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University of Washington

Females are more likely than males to be enrolled in colleges – that fact is now well understood by educators and researchers in highly-industrialized nations, including the United States. As of the fall of 2010, for example, men accounted for only 43% of the students enrolled in America’s two- and four-year colleges. And the imbalance is likely to grow; by 2019 the National Center for Education Statistics projects an enrollment increase of 21% for women relative to only 12% for men. Gender gaps vary by racial group. In the 2010 statistics, 45% of white undergraduates were male compared to only 42% of Hispanic undergraduates and 37% of black undergraduates.

What accounts for such startling gender differences in college enrollment? Researchers have documented that girls get better high school grades, enroll in more rigorous courses, and have loftier ambitions and a greater probability of high school graduation. Looking more deeply, prior research has found that girls may benefit from higher expectations for their performance from parents, peers, and teachers; and girls are more organized, self-disciplined, attentive, dependable, and willing to seek help from others. Yet previous inquiries have been unable to entirely explain the female advantage in college-going. In a pair of recent papers, my colleague Dylan Conger and I take an unprecedented look at another key factor: the different high schools attended by boys and girls. Our hypothesis is that American boys and girls are choosing to enroll in high schools with different attributes – and boys are systematically choosing high schools where lower shares of students continue on to college.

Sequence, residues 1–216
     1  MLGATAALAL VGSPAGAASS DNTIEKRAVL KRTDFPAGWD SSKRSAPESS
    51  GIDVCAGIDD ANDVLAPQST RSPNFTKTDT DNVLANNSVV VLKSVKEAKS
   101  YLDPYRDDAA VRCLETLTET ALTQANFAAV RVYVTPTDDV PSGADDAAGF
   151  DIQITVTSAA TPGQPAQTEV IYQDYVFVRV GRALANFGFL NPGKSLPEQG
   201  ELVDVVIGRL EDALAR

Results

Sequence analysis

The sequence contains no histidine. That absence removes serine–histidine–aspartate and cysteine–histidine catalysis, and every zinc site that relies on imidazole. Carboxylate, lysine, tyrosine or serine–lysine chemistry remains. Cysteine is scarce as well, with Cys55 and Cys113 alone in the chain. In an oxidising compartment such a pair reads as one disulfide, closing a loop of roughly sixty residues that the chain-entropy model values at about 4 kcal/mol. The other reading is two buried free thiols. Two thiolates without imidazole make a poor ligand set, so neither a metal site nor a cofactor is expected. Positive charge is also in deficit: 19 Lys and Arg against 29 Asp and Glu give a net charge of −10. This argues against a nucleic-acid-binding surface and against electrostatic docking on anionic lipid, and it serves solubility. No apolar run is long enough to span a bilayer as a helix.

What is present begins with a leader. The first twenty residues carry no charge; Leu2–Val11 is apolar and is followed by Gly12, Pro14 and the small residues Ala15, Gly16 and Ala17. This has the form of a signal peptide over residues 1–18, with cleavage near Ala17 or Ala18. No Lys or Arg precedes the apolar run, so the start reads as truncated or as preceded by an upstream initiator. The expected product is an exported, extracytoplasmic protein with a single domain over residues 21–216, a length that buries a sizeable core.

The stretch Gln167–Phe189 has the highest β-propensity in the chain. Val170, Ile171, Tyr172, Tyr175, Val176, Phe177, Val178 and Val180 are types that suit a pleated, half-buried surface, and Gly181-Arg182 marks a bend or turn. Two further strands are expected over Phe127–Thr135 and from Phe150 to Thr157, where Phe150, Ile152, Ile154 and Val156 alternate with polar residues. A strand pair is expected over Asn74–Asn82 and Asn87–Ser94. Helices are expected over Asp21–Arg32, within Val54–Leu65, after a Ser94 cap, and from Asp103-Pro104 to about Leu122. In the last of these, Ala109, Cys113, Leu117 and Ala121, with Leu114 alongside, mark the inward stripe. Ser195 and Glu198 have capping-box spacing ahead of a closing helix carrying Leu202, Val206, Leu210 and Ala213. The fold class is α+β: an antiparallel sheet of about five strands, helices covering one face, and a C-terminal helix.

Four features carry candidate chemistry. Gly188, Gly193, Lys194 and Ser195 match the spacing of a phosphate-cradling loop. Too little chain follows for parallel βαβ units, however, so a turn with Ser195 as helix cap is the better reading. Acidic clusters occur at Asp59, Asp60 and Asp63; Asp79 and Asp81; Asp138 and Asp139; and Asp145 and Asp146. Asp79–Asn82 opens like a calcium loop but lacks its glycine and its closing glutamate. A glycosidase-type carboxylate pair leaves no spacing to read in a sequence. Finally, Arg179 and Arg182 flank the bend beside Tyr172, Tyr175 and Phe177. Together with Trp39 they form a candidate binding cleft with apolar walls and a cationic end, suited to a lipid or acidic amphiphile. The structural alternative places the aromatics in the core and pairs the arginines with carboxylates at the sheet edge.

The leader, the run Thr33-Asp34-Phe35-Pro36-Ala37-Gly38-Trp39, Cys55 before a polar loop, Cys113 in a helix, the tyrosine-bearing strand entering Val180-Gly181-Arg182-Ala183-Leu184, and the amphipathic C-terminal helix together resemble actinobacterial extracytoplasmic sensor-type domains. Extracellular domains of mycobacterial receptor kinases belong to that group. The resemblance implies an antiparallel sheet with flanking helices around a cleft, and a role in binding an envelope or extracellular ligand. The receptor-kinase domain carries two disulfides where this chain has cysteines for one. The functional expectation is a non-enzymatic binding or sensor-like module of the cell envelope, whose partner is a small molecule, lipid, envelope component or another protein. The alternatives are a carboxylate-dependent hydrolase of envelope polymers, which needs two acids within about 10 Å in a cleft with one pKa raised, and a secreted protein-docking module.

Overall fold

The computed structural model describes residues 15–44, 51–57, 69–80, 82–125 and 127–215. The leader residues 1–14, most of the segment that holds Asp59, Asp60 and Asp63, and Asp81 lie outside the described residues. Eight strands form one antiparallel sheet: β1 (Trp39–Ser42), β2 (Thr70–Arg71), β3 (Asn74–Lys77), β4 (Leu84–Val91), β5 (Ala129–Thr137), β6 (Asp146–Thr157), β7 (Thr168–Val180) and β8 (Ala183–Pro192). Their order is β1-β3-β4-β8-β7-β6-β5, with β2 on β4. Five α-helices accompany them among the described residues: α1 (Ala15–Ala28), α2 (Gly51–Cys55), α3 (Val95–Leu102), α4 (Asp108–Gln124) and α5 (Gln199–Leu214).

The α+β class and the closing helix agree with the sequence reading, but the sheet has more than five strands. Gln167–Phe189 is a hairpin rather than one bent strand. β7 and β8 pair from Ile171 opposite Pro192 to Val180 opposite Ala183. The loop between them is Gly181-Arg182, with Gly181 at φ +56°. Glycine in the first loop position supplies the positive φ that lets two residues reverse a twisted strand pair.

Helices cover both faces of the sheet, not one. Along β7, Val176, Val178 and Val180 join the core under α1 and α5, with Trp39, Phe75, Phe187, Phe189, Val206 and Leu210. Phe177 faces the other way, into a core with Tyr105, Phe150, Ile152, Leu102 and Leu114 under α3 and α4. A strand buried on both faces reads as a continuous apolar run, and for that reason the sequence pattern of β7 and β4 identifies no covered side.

A Child’s Gender Affects School Enrollment, Especially When Choice is Possible

Many people are startled by the thought that schools vary in the proportion of girls versus boys. Isn’t it all a matter of chance, so that almost all schools will have roughly half boys and half girls? In fact, there are substantial deviations from gender balance in U.S. schools at all grade levels from kindergarten through twelfth grade, deviations that cannot be explained by chance alone. Gender imbalances become greatest beyond elementary and middle school, in high school grades.